The fact that Scrum is the most popular Agile methodology is well known. But what is it about Scrum that makes it the number one framework for iterative software development? How did Scrum grow to be the most widely used Agile method, and what are the reasons for its success?
The Secret to Scrum's Success
The direct answer is that Scrum is simple, straightforward, and easy to implement. While there are a number of other iterative and incremental development methdologies out there (eXtreme Programming, Crystal Clear, Agile Unified Process, etc), Scrum is on the simple side. Not only because of its inherent characteristics, but also because it has well documented use cases. In other words: in part, Scrum is successful simply because it's popular. So why is it popular?
Some claim that certifications helped a lot. True enough, Scrum offers a variety of certifications. Scrum Masters, Product Owners, developers, but also trainers and coaches can get certified by the Scrum Alliance. Demonstrated experience and, perhaps even more importantly, ongoing education definitely helps. This feedback and continued contact with Scrum practitioners enables the methodology itself to continue to evolve and gain maturity.
With ample credibility offered by both certifications and documented use cases, it's no wonder that Scrum was able to garner much attention and support. Companies aspiring to transition to an Agile methodology soon find that reliable and comprehensive information on the several Agile frameworks is difficult to come by.
Another good reason for Scrum's success, of course, is that it just works.
Why is Scrum so Productive?
The reasons behind the increased performance of Scrum teams are manifold. For one, of course, Scrum is a mature framework of development and project management. With frequent iterations and continuous feedback, it helps make sure that the delivered end product suits customer needs. The ability to change requirements on the fly makes sure the project is not derailed.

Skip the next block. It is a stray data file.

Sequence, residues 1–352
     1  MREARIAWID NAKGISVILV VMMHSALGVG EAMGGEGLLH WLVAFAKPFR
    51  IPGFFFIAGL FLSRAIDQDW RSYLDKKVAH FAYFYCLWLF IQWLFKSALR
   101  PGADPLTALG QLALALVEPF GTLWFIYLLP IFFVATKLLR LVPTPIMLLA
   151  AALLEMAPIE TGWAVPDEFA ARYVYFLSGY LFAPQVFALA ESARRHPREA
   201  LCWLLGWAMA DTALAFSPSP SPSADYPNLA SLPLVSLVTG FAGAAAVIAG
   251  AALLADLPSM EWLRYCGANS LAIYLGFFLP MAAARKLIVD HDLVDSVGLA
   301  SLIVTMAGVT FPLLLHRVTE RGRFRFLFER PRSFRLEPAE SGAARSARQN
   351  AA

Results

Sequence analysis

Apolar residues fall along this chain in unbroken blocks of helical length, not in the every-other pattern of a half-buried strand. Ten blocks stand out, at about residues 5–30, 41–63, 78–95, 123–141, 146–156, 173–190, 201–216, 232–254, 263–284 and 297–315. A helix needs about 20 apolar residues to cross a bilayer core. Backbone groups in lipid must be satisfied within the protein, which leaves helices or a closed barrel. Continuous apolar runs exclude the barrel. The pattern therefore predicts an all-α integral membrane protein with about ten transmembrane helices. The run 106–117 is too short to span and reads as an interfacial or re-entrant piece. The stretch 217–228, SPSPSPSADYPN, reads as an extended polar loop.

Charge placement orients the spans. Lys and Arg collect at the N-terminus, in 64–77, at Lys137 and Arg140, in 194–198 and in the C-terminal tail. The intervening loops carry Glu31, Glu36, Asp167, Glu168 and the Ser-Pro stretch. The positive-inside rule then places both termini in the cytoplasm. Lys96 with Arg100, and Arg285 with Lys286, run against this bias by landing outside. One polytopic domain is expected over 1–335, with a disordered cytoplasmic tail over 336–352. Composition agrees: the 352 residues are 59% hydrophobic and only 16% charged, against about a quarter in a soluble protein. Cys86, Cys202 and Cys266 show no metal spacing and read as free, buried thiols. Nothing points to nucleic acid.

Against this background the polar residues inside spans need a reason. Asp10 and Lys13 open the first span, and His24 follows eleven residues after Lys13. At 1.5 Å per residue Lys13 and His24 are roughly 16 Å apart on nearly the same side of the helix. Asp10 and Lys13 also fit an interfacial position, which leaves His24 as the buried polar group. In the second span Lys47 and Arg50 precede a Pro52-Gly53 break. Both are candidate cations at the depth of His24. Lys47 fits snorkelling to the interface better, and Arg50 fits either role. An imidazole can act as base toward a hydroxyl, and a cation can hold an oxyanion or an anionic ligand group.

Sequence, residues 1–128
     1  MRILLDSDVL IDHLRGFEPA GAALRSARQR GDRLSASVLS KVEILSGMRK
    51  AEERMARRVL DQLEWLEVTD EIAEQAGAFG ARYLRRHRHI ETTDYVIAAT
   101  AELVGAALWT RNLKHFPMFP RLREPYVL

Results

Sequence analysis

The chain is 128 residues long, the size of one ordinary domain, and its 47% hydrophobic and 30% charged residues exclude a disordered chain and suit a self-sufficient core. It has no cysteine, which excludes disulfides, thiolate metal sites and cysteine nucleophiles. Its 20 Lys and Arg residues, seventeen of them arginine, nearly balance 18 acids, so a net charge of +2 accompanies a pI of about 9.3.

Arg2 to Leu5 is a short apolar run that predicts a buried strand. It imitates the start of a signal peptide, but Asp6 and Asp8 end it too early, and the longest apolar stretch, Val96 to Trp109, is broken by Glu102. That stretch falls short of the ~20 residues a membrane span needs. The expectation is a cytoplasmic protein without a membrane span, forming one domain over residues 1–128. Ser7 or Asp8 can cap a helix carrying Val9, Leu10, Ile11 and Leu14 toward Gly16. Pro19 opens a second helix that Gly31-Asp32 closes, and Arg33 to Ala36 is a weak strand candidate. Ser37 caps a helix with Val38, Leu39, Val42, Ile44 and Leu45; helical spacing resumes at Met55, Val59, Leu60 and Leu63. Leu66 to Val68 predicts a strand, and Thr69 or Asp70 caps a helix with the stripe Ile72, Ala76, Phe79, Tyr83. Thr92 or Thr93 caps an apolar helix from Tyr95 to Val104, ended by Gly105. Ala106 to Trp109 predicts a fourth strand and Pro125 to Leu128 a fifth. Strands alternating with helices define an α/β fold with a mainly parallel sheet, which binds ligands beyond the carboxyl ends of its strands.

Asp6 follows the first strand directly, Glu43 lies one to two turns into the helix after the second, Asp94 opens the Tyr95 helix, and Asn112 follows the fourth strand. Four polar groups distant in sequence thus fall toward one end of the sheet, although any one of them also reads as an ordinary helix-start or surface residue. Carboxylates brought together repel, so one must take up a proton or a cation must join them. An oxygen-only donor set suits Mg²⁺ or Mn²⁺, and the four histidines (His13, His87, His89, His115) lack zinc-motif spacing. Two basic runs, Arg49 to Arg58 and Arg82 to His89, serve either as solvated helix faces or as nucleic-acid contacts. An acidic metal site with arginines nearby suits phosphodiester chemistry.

In addition to good processes, however, Scrum also comes with its psychological benefits. It builds on psychological mechanisms and smart motivation to help teams enhance their performance.
Some of the characteristics of Scrum are:
- Feedback gathered from stakeholders, customers and end-users throughout the process of development
- Fast reaction to changing requirements
- 1-4 week sprints provide a sense of urgency, increasing the dev team's velocity
- Shippable increments are delivered early and often, enabling stakeholders to provide feedback
- Productive, effective, and efficient meetings (daily Scrum meetings and retrospectives) help ensure that developers get help when they need it
Scrum takes full advantage of a fundamental trait most of us share: that we don't want to miss deadlines. Building on basic human psychology, Scrum breaks down work into short iterations to create a number of "smaller" deadlines, thus building up a continuous sense of urgency.
But not only that: through the intensive use of face-to-face meetings (with other developers, customers, and even end-users), developers get a real sense of just how much their work matters. Team members have to report on their progress, describe their to-dos, and any issues they are facing during daily standups. Retrospective meetings help the continuous improvement of processes so that structural issues are resolved. The sense of responsibility is further deepened by the Scrum practice of delegating management tasks to the team.
Responsibility, of course, is both a burden and a blessing for developers. The focus on productivity in such a fast-paced environment could lead to burnout, but with self-governance and more involvement in management processes as well as day-to-day meetings that (ideally) encourage honest and open communication, Scrum teams enjoy a supportive climate that focuses on positive reinforcement and removing impediments rather than pointing fingers.
In conclusion, Scrum is the most popular Agile project management framework because of its simplicity and high performance. It takes advantage of a need for a sense of achievement, positive feedback, and ownership of work done within a teamwork environment. As any high-performing business process, however, "oiling the gears" is necessary. Advanced tools are needed to support processes with precision. Download Intland's free case study to learn why Medtronic, the world's leading medtech developer, chose codeBeamer ALM to implement Agile development processes.